Different patterns of visual attention in new-born babies may be associated with variations in temperament and behaviour in later childhood, suggests a study in Scientific Reports this week. The findings indicate that the development of behavioural difficulties later in childhood may be partly explained by behaviours already present within a few days after birth, although more-detailed studies are required before firm conclusions can be drawn.
Recent research in infants aged between four and ten months has linked the increased ability to hold visual fixations to stimuli with better control of behaviour and reduced restlessness, hyperactivity and inattention. In collaboration, the team of authors demonstrate that a link between visual attention and variation in such behaviours may be evident even earlier. They measured dwell time (the duration of a gaze on an individual stimulus) in 80 new-born babies aged 1-4 days old and performed a follow-up analysis of parent-completed questionnaires about their children’s behaviour and temperament at 5-9 years old.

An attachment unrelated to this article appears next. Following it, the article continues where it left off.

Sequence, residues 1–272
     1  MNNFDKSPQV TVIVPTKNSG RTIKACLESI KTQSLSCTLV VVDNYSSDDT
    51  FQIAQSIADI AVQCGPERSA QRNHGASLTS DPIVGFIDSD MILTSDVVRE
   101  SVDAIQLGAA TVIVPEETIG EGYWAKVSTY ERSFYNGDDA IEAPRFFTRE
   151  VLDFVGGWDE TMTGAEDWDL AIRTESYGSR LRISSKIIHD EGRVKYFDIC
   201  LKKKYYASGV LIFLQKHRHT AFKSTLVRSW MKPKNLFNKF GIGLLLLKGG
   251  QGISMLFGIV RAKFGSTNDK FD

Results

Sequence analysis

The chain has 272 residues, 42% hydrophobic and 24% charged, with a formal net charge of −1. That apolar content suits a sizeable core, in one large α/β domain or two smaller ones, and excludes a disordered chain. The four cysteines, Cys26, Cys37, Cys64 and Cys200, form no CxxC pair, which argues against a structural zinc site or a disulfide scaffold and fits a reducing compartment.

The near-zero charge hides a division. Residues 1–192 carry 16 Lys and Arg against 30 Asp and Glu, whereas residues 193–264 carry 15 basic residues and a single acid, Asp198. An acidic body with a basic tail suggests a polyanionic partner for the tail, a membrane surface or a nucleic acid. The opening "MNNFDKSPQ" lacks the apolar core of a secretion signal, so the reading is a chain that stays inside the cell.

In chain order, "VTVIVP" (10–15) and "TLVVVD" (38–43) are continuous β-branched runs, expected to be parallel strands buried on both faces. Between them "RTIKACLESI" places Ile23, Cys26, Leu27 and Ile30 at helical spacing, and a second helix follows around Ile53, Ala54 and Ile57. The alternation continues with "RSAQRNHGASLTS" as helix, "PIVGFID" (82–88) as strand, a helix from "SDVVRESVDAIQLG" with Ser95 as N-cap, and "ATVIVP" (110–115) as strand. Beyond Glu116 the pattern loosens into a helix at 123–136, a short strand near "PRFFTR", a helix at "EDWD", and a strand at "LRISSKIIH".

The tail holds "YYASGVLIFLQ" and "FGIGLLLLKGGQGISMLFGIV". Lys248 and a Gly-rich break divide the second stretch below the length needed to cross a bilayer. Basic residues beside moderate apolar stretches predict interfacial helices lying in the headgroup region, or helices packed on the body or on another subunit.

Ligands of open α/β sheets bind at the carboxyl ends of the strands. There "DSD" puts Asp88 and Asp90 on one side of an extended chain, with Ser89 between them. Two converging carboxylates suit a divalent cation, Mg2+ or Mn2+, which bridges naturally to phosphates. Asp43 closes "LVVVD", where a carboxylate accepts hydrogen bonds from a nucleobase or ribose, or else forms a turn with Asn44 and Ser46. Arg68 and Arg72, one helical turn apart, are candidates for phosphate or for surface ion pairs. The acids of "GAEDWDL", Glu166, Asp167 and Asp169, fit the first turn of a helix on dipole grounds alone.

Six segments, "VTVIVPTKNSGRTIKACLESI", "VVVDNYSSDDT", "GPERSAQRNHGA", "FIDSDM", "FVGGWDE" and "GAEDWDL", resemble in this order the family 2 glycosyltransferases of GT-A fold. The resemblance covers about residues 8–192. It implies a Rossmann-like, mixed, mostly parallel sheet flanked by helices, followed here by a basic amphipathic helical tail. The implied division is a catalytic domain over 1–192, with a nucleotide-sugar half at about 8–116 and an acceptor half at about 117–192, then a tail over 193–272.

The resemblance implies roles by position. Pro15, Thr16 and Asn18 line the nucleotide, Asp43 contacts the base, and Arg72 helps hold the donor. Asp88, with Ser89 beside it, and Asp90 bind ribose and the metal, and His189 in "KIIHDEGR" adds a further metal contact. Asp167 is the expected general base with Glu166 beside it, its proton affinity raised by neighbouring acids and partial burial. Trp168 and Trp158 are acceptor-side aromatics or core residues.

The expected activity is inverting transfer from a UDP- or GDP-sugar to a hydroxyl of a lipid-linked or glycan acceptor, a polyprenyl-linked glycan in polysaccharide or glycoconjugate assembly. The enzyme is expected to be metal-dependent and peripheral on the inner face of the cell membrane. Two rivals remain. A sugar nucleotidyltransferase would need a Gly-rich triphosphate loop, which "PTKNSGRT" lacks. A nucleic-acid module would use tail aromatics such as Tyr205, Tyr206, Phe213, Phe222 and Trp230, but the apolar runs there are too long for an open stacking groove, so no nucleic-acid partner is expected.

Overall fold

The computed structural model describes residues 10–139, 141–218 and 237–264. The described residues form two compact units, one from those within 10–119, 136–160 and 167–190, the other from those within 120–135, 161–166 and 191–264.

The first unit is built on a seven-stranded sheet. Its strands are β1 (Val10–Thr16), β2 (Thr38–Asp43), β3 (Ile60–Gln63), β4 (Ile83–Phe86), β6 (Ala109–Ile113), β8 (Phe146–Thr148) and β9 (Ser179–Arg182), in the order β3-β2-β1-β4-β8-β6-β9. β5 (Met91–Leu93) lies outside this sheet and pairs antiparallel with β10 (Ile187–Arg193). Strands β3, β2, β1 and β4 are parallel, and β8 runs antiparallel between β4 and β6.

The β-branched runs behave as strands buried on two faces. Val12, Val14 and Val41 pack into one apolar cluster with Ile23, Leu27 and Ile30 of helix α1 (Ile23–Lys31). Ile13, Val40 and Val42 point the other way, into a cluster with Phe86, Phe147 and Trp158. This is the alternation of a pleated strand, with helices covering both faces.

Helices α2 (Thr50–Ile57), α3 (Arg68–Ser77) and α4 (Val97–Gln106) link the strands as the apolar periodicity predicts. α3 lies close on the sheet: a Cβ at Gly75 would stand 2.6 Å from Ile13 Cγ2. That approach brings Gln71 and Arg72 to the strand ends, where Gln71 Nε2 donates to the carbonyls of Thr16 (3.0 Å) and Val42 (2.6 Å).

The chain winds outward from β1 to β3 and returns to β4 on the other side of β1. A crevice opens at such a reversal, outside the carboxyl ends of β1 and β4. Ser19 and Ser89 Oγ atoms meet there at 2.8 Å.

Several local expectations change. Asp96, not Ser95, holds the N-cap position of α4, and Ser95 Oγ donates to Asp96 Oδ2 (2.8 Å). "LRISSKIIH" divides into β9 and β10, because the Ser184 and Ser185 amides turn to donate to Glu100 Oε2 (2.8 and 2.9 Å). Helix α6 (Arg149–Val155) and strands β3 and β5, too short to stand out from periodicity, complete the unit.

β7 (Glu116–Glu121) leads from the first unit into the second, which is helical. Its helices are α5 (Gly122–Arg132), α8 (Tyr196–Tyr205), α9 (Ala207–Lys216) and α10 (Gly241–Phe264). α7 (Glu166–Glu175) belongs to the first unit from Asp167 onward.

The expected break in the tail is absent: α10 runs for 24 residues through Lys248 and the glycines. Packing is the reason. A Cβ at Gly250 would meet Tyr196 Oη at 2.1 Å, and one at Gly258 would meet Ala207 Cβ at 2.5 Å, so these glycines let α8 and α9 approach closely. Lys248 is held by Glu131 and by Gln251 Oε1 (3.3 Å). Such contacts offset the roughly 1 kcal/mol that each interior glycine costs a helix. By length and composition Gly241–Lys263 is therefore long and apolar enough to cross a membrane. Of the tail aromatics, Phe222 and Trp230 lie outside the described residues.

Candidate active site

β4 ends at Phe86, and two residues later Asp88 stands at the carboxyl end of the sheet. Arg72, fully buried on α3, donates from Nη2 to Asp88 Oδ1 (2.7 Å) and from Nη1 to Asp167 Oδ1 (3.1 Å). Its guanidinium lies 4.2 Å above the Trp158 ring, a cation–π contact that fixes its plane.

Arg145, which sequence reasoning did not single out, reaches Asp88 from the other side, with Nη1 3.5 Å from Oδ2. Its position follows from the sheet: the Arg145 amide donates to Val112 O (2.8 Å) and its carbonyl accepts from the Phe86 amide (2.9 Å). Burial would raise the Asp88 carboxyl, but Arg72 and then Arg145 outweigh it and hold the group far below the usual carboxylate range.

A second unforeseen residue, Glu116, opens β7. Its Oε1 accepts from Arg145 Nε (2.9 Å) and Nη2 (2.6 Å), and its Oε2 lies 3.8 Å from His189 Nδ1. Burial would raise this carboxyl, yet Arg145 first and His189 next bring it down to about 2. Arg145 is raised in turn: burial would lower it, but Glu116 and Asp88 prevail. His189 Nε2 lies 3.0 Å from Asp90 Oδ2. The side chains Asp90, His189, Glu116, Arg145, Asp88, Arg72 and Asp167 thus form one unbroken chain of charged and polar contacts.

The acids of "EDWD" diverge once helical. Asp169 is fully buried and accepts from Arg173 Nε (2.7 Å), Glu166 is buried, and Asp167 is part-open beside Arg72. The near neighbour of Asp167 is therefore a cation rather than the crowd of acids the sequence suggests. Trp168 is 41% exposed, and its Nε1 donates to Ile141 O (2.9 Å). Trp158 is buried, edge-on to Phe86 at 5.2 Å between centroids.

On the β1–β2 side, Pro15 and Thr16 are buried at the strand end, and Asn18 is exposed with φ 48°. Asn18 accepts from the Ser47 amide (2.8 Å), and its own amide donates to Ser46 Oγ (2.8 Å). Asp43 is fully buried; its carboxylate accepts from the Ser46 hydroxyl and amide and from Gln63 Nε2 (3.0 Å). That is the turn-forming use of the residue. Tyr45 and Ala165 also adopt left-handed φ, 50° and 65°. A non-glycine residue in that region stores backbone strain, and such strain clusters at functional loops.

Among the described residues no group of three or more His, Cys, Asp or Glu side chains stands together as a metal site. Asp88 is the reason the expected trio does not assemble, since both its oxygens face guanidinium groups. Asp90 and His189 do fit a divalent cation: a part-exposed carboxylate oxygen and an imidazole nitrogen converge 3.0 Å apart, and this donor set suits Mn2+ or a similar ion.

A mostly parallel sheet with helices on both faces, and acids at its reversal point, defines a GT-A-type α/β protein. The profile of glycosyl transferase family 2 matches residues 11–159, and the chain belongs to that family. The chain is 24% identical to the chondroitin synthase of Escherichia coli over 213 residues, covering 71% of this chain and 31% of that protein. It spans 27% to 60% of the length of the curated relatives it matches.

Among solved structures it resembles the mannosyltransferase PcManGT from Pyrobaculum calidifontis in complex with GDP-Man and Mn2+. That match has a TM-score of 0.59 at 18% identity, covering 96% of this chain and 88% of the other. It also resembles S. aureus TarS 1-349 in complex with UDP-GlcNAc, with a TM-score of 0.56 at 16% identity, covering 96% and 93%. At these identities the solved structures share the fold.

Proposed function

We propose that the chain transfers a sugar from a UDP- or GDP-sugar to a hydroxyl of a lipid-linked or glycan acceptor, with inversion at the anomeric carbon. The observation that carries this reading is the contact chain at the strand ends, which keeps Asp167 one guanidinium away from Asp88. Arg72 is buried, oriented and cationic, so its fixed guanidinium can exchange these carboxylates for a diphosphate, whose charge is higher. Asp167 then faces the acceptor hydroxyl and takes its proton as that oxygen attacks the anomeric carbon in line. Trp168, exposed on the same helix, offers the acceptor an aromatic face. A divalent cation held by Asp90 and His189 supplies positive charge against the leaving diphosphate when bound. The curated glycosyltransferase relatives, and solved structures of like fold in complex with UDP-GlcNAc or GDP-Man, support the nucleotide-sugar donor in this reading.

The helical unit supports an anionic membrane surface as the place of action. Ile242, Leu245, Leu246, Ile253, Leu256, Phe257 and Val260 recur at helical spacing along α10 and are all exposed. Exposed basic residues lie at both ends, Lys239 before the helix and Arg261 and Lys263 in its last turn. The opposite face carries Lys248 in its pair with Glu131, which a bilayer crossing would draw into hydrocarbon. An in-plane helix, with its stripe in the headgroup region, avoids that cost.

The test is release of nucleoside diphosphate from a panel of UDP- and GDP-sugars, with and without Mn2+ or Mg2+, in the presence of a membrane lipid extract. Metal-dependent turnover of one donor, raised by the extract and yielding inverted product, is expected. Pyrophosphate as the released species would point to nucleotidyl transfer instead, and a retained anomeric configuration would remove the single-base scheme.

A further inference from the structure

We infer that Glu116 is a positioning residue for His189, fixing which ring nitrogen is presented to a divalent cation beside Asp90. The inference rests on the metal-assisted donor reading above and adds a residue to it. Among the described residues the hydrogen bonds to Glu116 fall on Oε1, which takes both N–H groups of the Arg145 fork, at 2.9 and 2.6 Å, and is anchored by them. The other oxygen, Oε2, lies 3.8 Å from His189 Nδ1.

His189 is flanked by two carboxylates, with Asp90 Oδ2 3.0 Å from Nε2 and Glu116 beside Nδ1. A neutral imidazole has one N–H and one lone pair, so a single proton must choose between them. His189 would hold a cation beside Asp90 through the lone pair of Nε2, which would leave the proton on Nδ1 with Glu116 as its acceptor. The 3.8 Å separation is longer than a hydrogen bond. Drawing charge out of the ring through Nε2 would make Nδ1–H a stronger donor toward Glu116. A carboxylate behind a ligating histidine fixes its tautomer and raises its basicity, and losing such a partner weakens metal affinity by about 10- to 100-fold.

The authors note that their study has some limitations, such as the method used to measure visual attention (they chose to assess dwell time because measuring fixation is challenging in new-borns) and suggest higher-resolution measurements could improve future investigations of the associations that they have identified. They also suggest that parents' reports of their children’s behaviour and temperament may include some biases, which could be addressed by collecting a range of different measurements of behaviour.